Expression Through Attire

A school’s dress code is a policy that has both positive and negative factors to it. Though many schools and universities have diverted their eyes from the said policy, many are still wondering how much could have come up. In 2008, the Department of Education ordered schools to no longer require students to wear uniforms to aid families who are less fortunate to save their money and spend it on their basic needs. The school dress code suggests that boys wear a top with sleeves, a pair of pants or shorts, and any type of footwear while girls wear a dress, blouse, skirt or pants, and any type of footwear. Both can be any color as long as they abide by the guidelines wherein respect must be reflected in the students’ attires. 

Three of the four top universities in the Philippines do not require their students to wear their uniforms. Schools that do not require their students to wear a uniform promote an environment with freedom for expression but can also become a breeding ground for violence. This is for the reason that when one student stands out in a group, it could become distracting and end up in a situation that one cannot handle. However, being able to express oneself freely is quite important also. The school dress code teaches students the fundamentals of wearing proper attire in the proper places, still within its limits.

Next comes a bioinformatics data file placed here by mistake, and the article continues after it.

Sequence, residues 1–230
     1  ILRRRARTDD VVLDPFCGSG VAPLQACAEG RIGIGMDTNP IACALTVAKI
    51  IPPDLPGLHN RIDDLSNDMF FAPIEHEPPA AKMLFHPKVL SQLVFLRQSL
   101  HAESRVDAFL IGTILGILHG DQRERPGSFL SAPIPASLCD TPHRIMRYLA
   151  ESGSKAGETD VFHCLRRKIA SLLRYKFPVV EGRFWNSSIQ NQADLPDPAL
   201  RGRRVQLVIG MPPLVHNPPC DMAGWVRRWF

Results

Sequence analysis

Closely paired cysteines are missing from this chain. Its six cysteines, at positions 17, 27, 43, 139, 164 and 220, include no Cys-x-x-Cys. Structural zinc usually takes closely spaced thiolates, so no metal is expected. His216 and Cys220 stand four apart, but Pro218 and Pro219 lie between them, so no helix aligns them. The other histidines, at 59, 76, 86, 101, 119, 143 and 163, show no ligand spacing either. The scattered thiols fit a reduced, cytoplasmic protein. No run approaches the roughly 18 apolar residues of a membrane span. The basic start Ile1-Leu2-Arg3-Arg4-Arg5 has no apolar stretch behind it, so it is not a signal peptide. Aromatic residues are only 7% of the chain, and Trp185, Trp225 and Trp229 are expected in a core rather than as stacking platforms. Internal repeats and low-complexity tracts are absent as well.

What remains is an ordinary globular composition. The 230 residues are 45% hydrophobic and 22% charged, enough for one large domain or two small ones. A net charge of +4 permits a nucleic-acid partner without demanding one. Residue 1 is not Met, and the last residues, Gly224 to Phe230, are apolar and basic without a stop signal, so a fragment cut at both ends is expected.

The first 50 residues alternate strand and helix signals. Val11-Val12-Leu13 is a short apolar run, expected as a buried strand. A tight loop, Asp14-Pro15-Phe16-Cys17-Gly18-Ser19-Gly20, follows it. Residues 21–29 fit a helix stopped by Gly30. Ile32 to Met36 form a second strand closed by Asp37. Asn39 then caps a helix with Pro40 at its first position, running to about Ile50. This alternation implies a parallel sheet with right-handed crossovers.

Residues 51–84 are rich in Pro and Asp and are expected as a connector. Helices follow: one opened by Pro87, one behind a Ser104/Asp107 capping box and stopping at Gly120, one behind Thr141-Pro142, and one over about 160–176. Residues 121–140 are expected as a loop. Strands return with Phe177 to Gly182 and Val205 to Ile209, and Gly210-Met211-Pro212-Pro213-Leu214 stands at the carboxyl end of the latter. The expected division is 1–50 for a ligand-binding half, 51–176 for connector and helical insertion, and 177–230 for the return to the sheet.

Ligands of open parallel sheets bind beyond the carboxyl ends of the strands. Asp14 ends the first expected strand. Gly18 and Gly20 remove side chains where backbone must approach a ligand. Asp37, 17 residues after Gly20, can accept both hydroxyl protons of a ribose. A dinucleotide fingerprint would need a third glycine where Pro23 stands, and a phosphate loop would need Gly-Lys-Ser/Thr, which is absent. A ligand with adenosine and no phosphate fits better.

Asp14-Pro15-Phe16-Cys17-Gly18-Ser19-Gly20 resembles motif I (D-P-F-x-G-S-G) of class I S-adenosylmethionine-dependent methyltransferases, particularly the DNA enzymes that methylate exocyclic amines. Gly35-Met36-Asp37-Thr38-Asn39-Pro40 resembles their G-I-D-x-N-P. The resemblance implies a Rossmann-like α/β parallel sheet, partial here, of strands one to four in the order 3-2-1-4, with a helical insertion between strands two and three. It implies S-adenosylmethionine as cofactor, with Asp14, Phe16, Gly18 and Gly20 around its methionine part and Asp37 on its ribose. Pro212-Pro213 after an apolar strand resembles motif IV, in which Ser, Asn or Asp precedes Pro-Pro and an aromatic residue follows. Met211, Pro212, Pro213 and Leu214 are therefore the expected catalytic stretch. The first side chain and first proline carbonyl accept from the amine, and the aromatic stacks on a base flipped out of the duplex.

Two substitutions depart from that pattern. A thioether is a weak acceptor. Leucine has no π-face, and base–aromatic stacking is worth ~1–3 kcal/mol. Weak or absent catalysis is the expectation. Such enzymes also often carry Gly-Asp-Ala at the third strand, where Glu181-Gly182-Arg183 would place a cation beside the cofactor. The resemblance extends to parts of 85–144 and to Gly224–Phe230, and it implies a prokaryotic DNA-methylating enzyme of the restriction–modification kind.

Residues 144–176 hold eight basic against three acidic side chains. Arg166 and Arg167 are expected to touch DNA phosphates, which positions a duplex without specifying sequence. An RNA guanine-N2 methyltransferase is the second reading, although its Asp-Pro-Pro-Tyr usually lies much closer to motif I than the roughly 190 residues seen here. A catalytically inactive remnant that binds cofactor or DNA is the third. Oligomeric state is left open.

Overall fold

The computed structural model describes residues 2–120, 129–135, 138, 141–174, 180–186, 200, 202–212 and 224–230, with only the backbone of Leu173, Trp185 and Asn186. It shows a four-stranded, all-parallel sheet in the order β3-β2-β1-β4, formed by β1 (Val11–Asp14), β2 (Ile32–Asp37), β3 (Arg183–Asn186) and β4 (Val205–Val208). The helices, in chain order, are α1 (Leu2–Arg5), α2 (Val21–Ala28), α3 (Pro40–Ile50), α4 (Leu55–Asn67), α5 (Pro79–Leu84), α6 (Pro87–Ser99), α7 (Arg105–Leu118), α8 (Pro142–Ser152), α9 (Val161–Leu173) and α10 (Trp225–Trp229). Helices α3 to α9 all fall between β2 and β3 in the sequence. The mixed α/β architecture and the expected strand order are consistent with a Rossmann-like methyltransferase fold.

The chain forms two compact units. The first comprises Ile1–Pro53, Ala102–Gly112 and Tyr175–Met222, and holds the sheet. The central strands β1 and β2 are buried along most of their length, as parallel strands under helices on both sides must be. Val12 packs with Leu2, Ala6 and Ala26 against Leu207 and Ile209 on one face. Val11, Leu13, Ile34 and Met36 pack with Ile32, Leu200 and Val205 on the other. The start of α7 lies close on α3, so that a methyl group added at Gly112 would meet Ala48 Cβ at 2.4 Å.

Some schools enforce a rule for keeping one’s hair length to a size that would not be distracting to the people around them to keep their focus on the task at hand and away from any disturbance. The haircut policy is implemented in most schools and universities in the Philippines wherein males are ordered to follow it, which states that they must have a cut of 2 x 3 or more well-known as the “barber’s cut.” By implementing this policy, schools envision a more neat-looking and hygienic hairstyle which also gives the students more time to worry about their studies than how their hair looks. Many do not agree nor believe that this policy is promoting any form of good values other than stripping away the freedom of the students to express how they want themselves to be seen. 

This sets a barrier between freedom of expression and the students that desire to be who they are. Prohibitions, and restrictions, all of which suppress and invalidate the feelings of those that are unable to give themselves the treatment and love that they want and deserve. Members of the LGBTQIA+ community should be able to choose whatever they wear as long as it respects and will not hinder their way of learning.

Appreciating SOGIE

Appreciating Sexual Orientation, Gender Identity, and Expression (SOGIE) promotes anti-discrimination and seeks an environment where people can feel safe without worrying about anything else but themselves. Schools around the Philippines have opened separate all-gender bathrooms for the LGBTQIA+ community utilizing bathrooms previously reserved for PWD students only as a quick solution to the bathroom issue. 

Not only that, but places outside of schools also support all-gender restrooms which are established in various public or commercial spaces, citing anti-discrimination laws or ordinances passed by either the national government or the local government as their legal basis. Examples include Accenture, Shell, and a couple of municipal airports.